Geng Xue: I got my B.A. from the Sculpture Department in 2007. The circumstances back then were different from nowadays. There was not such advanced Mobile Internet and students in the past did not have horizons as broad as those of today. The issues that I considered and faced at that time were fairly simple and completely different. What I could think of was to find my coordinates through the comparison between contemporary arts or art history. Actually, when I was in college, works with compelling Chinese characteristics that win Western favors or with straightforward criticism were in vogue. I endeavored to study Chinese art history at that time, such as ancient Chinese sculptures and classic works. I also had the intention to compare them with masterpieces from other Asian cultures like Korea and Japan. Drawn from different mindsets and female perspectives that were emphasized in literature and artworks, I was able to find sources and standpoints for my own creations. Under the incredibly helpful guidance of Prof. Xu Bing, I made Mr. Sea and graduated from the Academy with a master’s degree in printmaking in 2014. Before I went to grad school, I had made ceramics for many years and often took photos of ceramic pieces. It is in this course that I discovered the power of image. Sometimes, the image of porcelain could make an even stronger impression than the original piece. With this realization, I brainstormed to see whether the photos of sculptures could become artworks and gradually had confidence in these images. These issues haunted me for seven to eight years, and later I made a porcelain film.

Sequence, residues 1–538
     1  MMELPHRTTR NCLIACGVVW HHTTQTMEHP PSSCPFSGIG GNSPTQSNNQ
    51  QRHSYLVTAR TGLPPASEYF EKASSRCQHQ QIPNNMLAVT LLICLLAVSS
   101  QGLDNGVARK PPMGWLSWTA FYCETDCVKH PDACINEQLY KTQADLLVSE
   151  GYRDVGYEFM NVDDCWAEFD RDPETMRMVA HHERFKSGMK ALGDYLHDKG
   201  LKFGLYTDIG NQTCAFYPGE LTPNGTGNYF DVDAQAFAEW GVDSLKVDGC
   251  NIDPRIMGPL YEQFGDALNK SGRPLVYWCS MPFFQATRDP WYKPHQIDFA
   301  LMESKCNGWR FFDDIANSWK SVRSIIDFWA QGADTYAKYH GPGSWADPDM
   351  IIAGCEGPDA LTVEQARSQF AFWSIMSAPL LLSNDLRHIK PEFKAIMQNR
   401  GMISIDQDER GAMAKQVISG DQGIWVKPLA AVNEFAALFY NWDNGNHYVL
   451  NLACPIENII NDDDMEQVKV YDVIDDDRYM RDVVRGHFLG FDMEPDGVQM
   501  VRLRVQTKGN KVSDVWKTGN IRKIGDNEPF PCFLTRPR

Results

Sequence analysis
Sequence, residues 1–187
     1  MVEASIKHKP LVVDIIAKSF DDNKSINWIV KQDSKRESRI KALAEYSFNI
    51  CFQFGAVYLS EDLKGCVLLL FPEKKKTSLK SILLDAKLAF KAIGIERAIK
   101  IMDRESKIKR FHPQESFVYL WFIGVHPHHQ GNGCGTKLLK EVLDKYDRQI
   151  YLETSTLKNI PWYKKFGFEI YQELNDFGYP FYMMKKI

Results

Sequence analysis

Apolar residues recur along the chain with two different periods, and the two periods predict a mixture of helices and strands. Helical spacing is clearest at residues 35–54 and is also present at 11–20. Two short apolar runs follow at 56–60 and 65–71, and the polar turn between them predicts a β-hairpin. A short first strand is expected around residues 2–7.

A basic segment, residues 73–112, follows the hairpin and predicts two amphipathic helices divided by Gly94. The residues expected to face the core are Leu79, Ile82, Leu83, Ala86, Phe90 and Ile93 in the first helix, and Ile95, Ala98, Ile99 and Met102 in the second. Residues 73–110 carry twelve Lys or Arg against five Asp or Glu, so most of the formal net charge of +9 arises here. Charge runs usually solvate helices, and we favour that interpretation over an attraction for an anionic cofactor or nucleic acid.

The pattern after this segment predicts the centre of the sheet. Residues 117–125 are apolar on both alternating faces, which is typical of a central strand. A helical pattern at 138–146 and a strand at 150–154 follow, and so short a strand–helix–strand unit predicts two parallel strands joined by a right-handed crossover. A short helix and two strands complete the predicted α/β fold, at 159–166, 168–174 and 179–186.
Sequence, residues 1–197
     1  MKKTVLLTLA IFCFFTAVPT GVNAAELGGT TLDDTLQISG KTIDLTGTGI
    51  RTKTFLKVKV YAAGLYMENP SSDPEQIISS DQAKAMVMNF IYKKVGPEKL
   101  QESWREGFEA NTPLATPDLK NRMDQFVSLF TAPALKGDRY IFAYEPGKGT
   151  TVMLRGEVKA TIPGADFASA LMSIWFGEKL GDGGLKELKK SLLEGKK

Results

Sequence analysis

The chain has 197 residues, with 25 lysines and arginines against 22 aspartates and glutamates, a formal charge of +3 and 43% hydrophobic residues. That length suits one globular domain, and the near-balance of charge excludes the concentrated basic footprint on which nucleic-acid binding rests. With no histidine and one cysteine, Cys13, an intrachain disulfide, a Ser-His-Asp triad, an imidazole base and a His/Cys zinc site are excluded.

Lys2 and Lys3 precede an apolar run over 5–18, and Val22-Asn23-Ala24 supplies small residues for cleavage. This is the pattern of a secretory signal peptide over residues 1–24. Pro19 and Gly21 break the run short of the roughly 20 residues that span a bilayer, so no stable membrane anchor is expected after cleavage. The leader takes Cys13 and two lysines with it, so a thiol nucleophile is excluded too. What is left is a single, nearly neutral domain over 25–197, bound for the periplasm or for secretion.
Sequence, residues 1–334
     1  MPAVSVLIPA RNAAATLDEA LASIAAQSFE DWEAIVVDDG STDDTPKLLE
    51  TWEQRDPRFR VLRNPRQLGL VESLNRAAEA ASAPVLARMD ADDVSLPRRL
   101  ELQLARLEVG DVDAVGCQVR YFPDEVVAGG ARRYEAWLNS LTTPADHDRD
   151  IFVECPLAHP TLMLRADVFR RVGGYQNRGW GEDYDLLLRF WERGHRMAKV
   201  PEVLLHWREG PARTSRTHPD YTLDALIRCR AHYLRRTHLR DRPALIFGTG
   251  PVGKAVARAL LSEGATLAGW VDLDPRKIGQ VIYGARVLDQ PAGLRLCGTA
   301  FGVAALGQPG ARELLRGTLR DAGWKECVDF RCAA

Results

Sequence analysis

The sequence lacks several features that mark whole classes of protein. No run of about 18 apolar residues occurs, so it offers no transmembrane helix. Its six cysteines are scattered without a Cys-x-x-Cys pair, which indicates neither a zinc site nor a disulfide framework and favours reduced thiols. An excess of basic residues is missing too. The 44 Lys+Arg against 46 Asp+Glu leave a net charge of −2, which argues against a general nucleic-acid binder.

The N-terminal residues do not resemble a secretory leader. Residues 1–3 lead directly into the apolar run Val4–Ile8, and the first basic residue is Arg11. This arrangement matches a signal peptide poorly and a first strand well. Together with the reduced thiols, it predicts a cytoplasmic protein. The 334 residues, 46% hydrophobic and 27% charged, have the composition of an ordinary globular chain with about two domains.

Zhang Wenzhi: Mr. Wang Baoliang, your predecessor would spot her position from history and art history while she was preparing for a sculpture ten years ago. In addition to this, she would also convert and internalize a number of traditional images and texts. So, today, in 2018, what were your main concerns during your graduation project? I noticed that you chose to execute it in woodcarving, a more traditional language.